Mr Z wanted to purchase a house and, on the insistence of his lending bank, commissioned a homebuyer’s survey of the property. The surveyor visited the property and made a statement in his report that there were no structural defects, although he noted that the roof slates required some attention.
On the basis of this report, Mr Z obtained his mortgage and made an offer for the house. His offer was accepted and he moved in. Once he was living in the house, Mr Z obtained a quotation from a local roofing contractor to deal with the roof slates. The contractor told him that the roof had major structural movement and the whole roof would have to be replaced.
Mr Z contacted his solicitor and a dispute arose between Mr Z and the building surveyor who had carried out the homebuyer’s survey. Mr Z claimed that the surveyor should have noticed the structural defects at the time of the survey and his failure to do so had caused Mr Z to pay too much for the house.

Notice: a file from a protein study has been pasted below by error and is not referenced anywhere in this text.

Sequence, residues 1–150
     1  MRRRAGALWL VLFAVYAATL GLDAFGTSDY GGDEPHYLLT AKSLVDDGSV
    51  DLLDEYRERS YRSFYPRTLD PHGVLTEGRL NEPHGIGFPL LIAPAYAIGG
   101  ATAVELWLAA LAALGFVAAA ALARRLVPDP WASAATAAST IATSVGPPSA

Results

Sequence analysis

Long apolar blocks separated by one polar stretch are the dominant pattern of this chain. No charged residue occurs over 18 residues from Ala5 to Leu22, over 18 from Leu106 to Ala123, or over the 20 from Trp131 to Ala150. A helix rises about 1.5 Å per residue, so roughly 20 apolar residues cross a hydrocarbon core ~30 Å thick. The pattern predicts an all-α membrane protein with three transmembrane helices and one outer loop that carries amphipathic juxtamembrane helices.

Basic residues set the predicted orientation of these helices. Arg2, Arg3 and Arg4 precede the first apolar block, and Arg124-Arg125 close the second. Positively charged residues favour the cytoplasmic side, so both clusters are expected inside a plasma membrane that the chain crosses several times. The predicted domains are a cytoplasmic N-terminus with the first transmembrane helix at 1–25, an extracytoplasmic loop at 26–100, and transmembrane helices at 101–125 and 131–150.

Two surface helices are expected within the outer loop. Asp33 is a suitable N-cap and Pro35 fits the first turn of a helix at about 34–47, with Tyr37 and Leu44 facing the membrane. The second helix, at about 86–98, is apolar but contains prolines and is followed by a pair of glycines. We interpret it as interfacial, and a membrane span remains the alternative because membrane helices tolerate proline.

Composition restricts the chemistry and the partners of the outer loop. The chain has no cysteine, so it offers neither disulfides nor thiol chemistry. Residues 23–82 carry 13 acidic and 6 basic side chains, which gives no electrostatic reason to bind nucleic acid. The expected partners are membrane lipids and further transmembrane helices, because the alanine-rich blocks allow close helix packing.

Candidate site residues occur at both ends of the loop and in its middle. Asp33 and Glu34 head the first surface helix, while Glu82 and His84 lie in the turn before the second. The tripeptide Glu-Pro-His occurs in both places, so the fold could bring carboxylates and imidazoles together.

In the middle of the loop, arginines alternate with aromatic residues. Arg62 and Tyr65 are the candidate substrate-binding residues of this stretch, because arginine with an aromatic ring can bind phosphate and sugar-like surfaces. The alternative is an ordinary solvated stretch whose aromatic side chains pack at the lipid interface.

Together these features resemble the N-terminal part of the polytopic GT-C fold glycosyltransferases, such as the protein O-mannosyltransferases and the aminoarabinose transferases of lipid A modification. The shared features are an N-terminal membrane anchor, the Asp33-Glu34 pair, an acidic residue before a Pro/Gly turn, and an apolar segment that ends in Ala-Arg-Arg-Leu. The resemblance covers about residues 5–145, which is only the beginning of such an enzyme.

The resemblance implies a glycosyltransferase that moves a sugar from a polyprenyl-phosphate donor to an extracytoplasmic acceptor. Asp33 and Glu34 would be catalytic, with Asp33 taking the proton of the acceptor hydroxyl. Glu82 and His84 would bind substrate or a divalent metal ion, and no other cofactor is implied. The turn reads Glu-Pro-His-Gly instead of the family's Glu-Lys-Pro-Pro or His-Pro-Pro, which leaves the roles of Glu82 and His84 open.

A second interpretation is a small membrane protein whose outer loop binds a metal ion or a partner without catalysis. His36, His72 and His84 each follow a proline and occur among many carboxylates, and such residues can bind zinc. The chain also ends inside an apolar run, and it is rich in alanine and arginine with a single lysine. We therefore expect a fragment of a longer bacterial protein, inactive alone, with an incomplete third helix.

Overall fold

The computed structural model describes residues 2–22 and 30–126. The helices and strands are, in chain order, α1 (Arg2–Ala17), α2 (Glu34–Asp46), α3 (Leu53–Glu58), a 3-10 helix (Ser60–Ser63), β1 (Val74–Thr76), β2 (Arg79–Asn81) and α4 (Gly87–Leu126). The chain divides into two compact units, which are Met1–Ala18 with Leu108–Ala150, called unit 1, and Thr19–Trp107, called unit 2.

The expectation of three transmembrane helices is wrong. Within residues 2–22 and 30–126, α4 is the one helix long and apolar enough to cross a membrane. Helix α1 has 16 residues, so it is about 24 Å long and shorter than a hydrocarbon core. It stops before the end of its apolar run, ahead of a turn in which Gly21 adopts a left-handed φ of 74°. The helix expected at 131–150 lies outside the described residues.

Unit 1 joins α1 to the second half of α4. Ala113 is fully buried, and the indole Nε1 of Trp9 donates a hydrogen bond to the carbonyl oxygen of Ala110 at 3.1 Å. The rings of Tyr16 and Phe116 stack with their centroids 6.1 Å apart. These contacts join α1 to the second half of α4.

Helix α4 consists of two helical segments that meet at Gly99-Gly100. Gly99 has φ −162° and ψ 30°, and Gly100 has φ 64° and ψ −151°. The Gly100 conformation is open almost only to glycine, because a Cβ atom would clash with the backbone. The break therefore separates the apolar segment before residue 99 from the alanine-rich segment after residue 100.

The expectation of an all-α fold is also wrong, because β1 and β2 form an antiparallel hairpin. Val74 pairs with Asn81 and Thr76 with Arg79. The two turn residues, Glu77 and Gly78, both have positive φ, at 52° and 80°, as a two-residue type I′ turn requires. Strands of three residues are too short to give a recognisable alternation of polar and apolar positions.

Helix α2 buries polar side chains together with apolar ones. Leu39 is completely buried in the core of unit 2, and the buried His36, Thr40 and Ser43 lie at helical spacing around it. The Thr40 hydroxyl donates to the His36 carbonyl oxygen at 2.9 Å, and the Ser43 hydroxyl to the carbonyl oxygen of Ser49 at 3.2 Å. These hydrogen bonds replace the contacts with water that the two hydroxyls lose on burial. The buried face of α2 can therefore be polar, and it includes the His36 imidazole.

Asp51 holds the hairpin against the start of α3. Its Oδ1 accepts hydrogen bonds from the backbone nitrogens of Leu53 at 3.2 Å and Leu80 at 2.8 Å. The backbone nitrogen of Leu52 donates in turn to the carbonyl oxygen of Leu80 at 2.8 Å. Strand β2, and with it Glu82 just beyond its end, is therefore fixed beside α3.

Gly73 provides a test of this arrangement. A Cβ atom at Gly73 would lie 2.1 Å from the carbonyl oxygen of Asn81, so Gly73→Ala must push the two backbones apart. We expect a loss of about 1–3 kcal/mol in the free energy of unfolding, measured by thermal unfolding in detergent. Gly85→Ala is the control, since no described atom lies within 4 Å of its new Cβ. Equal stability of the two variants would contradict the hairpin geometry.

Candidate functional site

The case went to court over the matter of compensation for Mr Z, and both parties were requested to obtain an expert report on the replacement value of the roof. Gary Bushell was instructed by Mr Z.
Gary’s expert report was submitted to the surveyor’s solicitor and upon receipt of Gary’s report, the solicitor advised the surveyor to make an offer of settlement. An agreement was reached and a reasonable settlement was achieved to compensate Mr Z for his loss.